Buckeye Hot Springs: Everything You Need to Know

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The Eastern Sierra offers one of the most stunning landscapes in California, with towering mountains, fields of wildflowers, and, best of all, natural hot springs! Buckeye Hot Springs is just one of these incredible hot springs, tucked in the Stanislaus National Forest outside of the teeny, yet charming town of Bridgeport. If you want to enjoy the steamy water and epic alpine views for yourself, here’s everything you need to know about Buckeye Hot Springs.

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Woman enjoying waterfall at Buckeye Hot Springs in Bridgeport, California
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What are Buckeye Hot Springs?

Buckeye Hot Springs are a series of geothermal hot springs, with incredible views of the nearby Buckeye Creek and the surrounding Sierras. There’s actually four different pools, with varying temperatures of  over 100°F, to enjoy here.

From its geothermal source, steamy water spills down the side of a calcium-rich hillside and cascades in a piping hot waterfall, directly into the chilly waters of Buckeye Creek.

Here, hot spring enthusiasts (just like you!) have constructed multiple pools with river rocks, which you can move around or dump cold water into with a bucket that’s left here to make the water in the primitive pools hotter or colder.

Woman sitting in Buckeye Hot Springs along Buckeye Creek

I’ve read that there can be up to four pools along the creekside, but when we visited in the summer of 2023, there were only two pools. It’s possible the other pools were submerged in the high creek water (but more on that below!). The geothermally heated water only cascades into the pool closest to the hillside, so any pools that are further down river will get progressively cooler.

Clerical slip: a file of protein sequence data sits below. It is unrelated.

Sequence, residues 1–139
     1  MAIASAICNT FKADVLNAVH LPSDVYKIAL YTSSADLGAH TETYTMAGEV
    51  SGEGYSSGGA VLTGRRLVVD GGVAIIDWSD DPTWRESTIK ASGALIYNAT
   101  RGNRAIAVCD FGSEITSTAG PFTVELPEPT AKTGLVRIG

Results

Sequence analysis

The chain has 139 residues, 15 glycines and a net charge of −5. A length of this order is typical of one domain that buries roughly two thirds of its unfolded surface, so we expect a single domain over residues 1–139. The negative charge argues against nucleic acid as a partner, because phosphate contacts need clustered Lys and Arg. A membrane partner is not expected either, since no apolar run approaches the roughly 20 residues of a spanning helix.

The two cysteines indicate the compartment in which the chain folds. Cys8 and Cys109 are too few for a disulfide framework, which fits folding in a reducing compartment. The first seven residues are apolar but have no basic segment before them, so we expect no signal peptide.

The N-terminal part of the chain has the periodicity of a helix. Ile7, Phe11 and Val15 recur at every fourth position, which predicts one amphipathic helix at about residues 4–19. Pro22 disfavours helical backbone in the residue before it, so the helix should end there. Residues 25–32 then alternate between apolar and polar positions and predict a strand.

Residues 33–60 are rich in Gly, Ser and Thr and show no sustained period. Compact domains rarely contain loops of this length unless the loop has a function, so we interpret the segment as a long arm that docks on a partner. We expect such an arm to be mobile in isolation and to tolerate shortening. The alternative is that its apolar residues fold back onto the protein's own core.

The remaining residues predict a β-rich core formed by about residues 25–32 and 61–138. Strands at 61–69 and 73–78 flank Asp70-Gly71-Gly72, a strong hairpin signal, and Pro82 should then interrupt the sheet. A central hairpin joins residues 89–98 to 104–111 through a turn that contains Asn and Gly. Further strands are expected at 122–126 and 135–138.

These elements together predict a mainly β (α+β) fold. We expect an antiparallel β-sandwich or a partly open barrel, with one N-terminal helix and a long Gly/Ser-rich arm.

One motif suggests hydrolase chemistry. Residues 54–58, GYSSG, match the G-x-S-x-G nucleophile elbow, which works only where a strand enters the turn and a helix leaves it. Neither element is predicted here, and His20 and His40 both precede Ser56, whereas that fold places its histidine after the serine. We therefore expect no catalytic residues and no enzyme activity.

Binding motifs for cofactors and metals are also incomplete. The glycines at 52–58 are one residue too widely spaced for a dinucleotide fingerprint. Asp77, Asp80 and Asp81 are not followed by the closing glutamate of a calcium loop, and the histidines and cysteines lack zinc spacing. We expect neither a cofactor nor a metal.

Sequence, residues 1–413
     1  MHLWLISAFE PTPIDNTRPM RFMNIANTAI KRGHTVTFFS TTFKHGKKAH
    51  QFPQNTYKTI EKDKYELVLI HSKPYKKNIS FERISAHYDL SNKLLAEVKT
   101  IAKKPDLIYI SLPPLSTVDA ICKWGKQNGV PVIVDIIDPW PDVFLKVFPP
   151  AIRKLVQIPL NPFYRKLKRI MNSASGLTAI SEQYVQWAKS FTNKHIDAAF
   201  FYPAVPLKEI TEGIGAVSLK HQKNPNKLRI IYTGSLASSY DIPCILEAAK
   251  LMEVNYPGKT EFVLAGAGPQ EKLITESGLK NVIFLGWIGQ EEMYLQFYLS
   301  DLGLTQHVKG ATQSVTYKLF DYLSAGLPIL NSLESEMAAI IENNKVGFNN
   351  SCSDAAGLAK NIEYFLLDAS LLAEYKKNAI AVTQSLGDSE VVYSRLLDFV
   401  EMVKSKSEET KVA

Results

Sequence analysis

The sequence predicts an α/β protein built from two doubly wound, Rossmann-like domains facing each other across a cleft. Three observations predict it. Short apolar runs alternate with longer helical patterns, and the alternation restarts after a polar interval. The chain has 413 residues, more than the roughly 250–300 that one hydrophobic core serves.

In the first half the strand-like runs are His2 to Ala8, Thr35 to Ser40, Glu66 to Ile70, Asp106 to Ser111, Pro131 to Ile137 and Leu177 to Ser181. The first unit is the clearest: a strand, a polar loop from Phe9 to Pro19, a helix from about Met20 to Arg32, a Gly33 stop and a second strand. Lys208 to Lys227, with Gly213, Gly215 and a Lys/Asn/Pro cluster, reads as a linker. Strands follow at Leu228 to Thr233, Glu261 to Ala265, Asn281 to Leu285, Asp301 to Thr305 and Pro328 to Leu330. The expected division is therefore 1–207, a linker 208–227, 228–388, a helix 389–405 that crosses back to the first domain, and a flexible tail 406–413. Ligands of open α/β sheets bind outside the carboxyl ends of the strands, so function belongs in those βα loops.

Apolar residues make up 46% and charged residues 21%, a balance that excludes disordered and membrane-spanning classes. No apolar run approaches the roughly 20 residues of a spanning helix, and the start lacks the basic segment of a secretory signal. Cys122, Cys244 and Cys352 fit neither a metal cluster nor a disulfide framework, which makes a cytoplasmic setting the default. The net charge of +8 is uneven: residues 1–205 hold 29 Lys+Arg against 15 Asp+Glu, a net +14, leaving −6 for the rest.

There’s also two additional pools on the hillside overlooking Buckeye Creek, often called the upper pools, which you’ll pass on your way down to the creekside. The pool closest to the trail is fairly small, shallow, and only big enough to hold two to three people, while the pool to the right is larger, deeper, and could comfortably fit around six people. 

Woman sitting in upper pool of Buckeye Hot Springs in Bridgeport, California

How to Get to Buckeye Hot Springs

As mentioned above, Buckeye Hot Springs are located here in the Stanislaus National Forest, right outside of Bridgeport, California. 

There’s two roads that you can take to reach the hot springs.

You can either turn down Buckeye Road directly from Highway 395 (which is one of my all-time favorite scenic drives in the United States, running from Death Valley, through the Alabama Hills and all the way up to Lake Tahoe) and drive 4.5 miles south to the hot springs.

Snow-capped mountains the eastern Sierra along Highway 395